Stocks in the U.S. traded sharply lower this week as inflationary pressures continued to mount. Overseas, international stocks fared slightly better, with China’s Shanghai index flat for the week. Investor sentiment appears to be improving in China, fueled by positive developments on the mainland’s COVID situation. On Wednesday, Shanghai’s government announced eight districts have “contained the virus at a community level,” while Beijing also saw daily new cases cut in half.
On the inflation front, April’s consumer price index (CPI), a key measure of inflation, rose 0.3% month over month and 8.3% year over year. While an improvement from last month’s 8.5% reading, the headline number was above the consensus estimate of 8.1% and remains well above the Federal Reserve’s long-term target. The composition of the report was generally firm as well, with a surprisingly sharp rebound in the rent measure, a pickup in restaurant inflation, and strength in core goods prices in part related to supply-chain disruptions in Ukraine and China. In addition to CPI, investors will be focused on Thursday’s producer prices report (PPI). Headline PPI is expected to fall from 11.2% to 10.7% annualized, with the core PPI expected to drop from 9.2% to 8.9%. The PPI measures prices at the producer level before they are passed along to final consumers. By tracking price pressures in the pipeline, investors can anticipate inflationary consequences in the coming months. The inflation reading is important given this data influences the Fed’s timing and amount they will raise short-term rates. Ongoing pricing pressures and more impending rate hikes have fueled concerns about a slowdown in economic growth, something investors will be forced to grapple with over the coming months.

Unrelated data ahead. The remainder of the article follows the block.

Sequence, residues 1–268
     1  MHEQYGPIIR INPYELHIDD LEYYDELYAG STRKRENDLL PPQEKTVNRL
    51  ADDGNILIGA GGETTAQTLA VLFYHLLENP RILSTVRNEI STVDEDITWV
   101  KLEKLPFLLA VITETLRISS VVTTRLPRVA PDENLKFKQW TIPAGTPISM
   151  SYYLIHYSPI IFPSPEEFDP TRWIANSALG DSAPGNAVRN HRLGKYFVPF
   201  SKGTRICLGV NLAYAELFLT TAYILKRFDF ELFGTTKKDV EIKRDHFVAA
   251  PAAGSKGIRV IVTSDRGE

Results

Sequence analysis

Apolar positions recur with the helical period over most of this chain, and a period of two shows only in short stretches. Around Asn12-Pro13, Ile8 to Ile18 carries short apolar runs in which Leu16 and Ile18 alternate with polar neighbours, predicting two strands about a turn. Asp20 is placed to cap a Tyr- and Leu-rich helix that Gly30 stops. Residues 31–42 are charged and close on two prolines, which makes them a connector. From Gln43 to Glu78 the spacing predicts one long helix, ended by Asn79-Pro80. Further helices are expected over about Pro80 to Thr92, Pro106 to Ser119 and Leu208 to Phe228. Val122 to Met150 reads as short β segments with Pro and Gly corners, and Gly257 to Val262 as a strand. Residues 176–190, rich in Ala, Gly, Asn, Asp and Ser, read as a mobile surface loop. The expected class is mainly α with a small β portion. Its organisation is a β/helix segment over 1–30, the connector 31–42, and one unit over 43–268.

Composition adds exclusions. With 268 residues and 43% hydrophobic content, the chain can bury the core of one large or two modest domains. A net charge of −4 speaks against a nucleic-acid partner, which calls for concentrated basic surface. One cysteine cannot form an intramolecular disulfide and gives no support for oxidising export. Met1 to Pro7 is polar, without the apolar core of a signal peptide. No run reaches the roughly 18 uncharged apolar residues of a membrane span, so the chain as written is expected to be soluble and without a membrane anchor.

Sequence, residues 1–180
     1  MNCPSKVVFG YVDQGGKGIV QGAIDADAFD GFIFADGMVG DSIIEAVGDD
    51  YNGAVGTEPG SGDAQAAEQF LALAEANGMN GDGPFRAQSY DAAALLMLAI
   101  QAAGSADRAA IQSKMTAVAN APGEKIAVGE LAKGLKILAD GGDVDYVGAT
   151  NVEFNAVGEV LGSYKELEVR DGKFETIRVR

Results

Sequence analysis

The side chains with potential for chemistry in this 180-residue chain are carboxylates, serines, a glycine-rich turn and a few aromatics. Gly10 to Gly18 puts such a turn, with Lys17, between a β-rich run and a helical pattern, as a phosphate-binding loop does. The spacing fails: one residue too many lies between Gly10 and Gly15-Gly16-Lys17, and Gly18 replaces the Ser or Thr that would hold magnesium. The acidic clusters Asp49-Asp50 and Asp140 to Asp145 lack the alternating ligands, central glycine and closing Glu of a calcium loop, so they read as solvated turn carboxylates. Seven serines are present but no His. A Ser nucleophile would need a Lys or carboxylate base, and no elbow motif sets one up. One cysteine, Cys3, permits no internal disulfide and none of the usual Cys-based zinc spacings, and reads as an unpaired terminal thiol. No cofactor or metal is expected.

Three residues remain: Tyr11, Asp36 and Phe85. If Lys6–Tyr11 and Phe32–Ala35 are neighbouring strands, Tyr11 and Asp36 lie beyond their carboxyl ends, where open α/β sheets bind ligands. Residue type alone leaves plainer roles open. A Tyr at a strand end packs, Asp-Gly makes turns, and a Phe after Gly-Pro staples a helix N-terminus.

In bonds, interest rates continued to gyrate with the yield on the 10-year Treasury note settling around 3% mid-week ahead of Wednesday’s $36 billion 10-year Treasury auction. Higher interest rates this year have had an outsized impact on the mortgage market, with new 30-year mortgage rates currently around 5.5%. Despite higher rates, new mortgage applications rose 5% last week, compared with the prior week, according to the Mortgage Bankers Association’s seasonally adjusted index. The report also indicated homebuyers are starting to look toward adjustable-rate mortgages (ARMs) as interest rates continue to climb. ARMs offer lower rates which can be fixed for terms like five, seven, or 10 years. ARMs are fully underwritten like fixed-rate mortgages, and they require a down payment. This was not the case in the early 2000s when poorly underwritten, interest-only ARMs with short teaser periods were blamed for the epic housing crash.
Source: GSAM, CNBC, JPMorgan
This communication is for informational purposes only. It is not intended as investment advice or an offer or solicitation for the purchase or sale of any financial instrument.
Indices are unmanaged, represent past performance, do not incur fees or expenses, and cannot be invested into directly. Past performance is no guarantee of future results.